Educational Requirements
Updated Mar 31, 2019

Environmental economics is a special type of economics. Students may enter an economics program that includes courses in environmental or ecological economics. Their studies may include courses in business, environmental law, or natural sciences.

A bachelor’s degree in environmental economics often is sufficient for research assistant positions. A master of arts (MA) or master of sciences (MSc) degree in economics often is required to become a professional environmental economist. Teaching positions at the post-secondary level require a doctoral (PhD) degree. Admission to master’s degree programs requires an acceptable average in the last 2 years of a related 4-year bachelor’s degree program. An honours program is preferred.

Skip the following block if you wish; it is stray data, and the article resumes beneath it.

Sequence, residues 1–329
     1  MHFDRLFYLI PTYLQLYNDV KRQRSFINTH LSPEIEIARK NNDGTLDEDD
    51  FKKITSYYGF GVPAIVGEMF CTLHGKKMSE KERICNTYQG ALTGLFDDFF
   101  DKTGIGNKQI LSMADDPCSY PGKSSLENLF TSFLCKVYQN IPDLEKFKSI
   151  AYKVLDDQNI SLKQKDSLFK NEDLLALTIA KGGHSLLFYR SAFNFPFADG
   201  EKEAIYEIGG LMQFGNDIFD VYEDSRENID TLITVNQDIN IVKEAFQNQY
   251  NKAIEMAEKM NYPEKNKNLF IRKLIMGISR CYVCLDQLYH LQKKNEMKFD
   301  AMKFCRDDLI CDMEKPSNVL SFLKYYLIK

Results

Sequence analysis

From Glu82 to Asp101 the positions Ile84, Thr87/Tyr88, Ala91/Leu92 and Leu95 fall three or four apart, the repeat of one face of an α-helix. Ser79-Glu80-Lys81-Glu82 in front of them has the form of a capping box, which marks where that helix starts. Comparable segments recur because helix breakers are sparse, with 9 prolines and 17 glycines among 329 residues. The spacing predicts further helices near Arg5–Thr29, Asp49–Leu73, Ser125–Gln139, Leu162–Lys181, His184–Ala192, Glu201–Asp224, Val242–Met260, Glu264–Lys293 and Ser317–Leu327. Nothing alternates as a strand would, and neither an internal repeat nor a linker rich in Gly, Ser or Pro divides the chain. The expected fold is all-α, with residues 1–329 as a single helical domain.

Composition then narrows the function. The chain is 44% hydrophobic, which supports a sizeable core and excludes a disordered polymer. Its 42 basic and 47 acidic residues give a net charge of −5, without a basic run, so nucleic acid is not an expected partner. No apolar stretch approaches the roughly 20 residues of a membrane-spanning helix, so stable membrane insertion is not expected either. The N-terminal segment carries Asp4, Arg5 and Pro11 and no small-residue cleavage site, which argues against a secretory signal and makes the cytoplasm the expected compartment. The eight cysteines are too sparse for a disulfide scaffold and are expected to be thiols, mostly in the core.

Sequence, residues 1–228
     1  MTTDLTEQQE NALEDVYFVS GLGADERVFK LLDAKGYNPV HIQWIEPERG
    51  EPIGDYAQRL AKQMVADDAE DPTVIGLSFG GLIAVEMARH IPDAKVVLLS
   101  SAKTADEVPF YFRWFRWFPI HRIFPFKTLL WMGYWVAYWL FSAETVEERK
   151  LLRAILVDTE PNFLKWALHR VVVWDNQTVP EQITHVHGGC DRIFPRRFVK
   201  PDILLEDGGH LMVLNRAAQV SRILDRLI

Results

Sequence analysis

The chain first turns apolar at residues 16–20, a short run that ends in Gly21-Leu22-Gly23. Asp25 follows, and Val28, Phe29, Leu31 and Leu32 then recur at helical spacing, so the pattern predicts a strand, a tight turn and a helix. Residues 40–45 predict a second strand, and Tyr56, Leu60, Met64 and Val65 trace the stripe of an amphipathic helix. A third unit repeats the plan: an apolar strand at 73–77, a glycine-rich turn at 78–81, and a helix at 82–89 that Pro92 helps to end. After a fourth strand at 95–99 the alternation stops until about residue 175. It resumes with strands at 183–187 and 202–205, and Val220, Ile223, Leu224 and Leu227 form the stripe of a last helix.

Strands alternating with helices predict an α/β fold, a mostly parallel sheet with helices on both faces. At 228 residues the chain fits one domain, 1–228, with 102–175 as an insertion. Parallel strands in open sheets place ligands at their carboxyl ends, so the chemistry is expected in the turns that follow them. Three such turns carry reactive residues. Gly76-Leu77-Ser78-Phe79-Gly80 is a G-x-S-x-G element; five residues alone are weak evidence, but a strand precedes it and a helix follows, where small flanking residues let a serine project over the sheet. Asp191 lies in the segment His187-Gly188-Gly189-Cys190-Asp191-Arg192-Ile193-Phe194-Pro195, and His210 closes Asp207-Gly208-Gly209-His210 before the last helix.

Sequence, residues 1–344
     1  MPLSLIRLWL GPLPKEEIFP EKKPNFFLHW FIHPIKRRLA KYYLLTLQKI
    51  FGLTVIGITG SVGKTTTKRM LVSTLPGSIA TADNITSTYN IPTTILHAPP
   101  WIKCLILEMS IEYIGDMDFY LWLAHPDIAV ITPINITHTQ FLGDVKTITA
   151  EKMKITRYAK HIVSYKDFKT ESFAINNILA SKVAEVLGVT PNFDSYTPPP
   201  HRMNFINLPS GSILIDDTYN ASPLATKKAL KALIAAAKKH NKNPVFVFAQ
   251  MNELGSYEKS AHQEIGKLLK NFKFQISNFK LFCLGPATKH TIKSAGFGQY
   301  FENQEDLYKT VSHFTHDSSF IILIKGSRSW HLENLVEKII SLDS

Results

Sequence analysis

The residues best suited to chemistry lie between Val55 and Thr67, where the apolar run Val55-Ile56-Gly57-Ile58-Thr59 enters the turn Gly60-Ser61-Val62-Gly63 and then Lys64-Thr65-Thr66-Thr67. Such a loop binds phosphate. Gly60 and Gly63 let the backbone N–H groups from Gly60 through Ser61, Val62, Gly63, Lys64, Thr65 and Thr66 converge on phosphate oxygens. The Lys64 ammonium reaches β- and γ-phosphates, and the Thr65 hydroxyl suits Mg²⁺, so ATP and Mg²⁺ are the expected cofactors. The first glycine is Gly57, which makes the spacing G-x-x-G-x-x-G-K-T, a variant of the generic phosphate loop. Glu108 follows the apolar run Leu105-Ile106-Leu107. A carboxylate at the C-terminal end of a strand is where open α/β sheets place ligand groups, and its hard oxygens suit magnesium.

Related Education

The following schools offer programs or courses that are related to this occupation but are not required to enter the field.

Grant MacEwan University

For a broad list of programs and courses that may be related to this occupation try searching using keywords.

Certification Requirements
Updated Mar 31, 2019

Certification is not required, as there is currently no legislation regulating this occupation.

Employment & Advancement
Updated Mar 31, 2019

Environmental economists work in many sectors of the economy. They most often find jobs with:

  • Large organizations in finance, business, and industry
  • Industry associations
  • Environmental organizations
  • Universities and colleges
  • Government departments and Crown corporations
  • Private consulting firms
  • International organizations